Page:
There are other options such as plasmapheresis to cleanse your blood or an organ transplant if things have gone that far, which they do, very rapidly. The most important and obvious way to avoid any complications though is to never eat any death caps, destroying angels, or galeriana’s. If you do discover that you have been unlucky enough to have done so then make sure that before anything else you tell the doctor of this suspicion because these poisonings are rare and it is unlikely your doctor will realise this is what is ailing you if he is not told of the possibility.
It recently occurred to me that there is a very easy way to avoid back pain when gardening which no one had ever thought to tell me. After looking at a dozen or so websites I began to wonder if the idea had actually ever occurred to anyone else. Despite spending what felt like a considerable length of time reading through the top search results on google I largely came across the same sort of advice, none of which included what now seems obvious to me. It is almost as though the people giving advice had never actually done any gardening themselves. Certainly the advice on offer is good advice but it seems as though everyone is just spouting the same wisdom that has been around for decades and no-one has made the link between gardening and modern techniques for preventing muscle damage.
The typical advice you will see is stuff that is worth doing along with the advice that I will offer you because any one piece of advice can always be helped by adding a little more positive advice. Obviously you want to take a break when you get too worn otherwise you will find yourself doing more damage in the long run. However, if you have a lot of space that needs digging or weeding then taking a break as often as you need might not be an option that you will appreciate. Luckily I have worked out how to prolong the period before you are likely to be bothered by back pain. In fact I have personally discovered that I end up having to stop out of exhaustion before the back pain gets to me, which feels like quite a feat considering how much my back used to hurt in the past.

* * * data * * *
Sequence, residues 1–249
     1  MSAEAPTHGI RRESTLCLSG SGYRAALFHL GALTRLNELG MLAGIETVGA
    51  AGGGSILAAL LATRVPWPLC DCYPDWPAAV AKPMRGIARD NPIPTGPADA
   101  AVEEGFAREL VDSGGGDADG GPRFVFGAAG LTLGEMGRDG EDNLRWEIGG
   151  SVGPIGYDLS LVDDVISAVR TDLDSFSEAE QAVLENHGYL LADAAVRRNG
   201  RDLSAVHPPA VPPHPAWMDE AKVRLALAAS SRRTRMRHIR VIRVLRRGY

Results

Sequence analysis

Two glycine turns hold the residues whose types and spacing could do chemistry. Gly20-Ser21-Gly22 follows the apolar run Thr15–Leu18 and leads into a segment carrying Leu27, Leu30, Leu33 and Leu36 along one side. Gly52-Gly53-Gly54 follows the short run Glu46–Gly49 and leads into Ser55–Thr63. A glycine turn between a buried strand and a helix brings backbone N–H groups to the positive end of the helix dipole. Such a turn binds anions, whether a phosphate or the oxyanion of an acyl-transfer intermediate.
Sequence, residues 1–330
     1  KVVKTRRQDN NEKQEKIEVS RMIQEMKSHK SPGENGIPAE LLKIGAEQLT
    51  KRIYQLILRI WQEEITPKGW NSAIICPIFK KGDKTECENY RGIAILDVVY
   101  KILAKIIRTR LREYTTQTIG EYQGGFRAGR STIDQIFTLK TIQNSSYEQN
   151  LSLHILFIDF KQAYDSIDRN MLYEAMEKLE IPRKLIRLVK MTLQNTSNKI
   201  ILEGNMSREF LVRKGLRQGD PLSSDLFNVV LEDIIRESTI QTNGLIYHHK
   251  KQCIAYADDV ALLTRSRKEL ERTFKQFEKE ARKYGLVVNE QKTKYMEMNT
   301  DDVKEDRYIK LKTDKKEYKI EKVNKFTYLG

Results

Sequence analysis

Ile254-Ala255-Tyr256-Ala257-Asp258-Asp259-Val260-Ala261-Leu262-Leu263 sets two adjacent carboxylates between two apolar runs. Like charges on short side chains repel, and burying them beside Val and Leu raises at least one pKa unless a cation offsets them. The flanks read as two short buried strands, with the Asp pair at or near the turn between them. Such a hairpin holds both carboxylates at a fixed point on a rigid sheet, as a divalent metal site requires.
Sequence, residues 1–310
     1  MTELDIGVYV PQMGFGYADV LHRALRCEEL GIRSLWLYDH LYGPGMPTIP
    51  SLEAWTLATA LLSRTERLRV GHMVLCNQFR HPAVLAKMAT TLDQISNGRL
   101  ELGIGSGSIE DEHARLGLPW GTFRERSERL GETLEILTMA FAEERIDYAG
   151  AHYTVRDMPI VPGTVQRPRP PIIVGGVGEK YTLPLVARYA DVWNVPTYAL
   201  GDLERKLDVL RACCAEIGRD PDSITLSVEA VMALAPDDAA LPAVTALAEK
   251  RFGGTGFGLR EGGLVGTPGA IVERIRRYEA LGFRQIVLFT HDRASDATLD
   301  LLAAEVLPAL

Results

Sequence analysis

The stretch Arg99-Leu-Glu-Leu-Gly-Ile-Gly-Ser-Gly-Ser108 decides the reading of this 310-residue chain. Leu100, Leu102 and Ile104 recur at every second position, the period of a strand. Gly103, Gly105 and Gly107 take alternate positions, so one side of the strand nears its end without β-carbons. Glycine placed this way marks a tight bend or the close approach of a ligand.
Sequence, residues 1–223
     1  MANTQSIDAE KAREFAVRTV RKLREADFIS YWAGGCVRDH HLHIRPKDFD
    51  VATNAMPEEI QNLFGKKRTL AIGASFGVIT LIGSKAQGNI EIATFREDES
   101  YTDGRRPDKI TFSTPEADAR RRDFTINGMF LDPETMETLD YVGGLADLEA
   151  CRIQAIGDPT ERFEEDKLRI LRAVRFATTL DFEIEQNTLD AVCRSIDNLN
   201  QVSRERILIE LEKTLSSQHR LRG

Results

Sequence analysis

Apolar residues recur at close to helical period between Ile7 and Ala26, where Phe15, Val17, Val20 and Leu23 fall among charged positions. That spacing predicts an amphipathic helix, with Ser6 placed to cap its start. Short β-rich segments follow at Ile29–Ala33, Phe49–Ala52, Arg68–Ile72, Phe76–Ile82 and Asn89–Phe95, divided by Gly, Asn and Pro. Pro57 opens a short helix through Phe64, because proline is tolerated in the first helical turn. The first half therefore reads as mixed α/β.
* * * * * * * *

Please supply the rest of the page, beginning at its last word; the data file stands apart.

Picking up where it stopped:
Naturally you should make sure not to do your gardening without warming up first, and you should avoid letting cold breezes blow on your back. So many times I have been absolutely fine until the point the wind blows and I have been hit by agony. One tip that I particularly liked the look of is the use of a gardening apron that works something like a weight lifter’s belt to hold your back in shape. I thought that was quite original. Likewise I read a great deal of advice about bending knees when lifting and making sure to use the right size tools for your body shape, whether that be using a small spade or a long handled spade. But nowhere did I see any mention of balance.
The way to avoid back pain when gardening that no one seems to have realised is to focus on maintaining a balance in the way you use your muscles. Anyone who spends time in the gym working on weights knows the importance of balance. In fact one of the main reasons that people progress to using weights instead of exercise machines is to maintain this sort of balance. The problem with the machines is that they force you to continue exercising your muscles in a very rigid fixed manner whereas free weights allow your muscles to move in a far more natural way. Gardening lies somewhere between these two. On the one hand you are able to move in a manner which is far more natural as you are not tied into such a rigid pattern of motion as an exercise machine, but on the other hand people tend to enforce a repetitive pattern of motion on themselves anyway. By escaping the repetitivity and lack of balance you will quickly find that instead of pulling your back out of place you will begin to pull it back into place.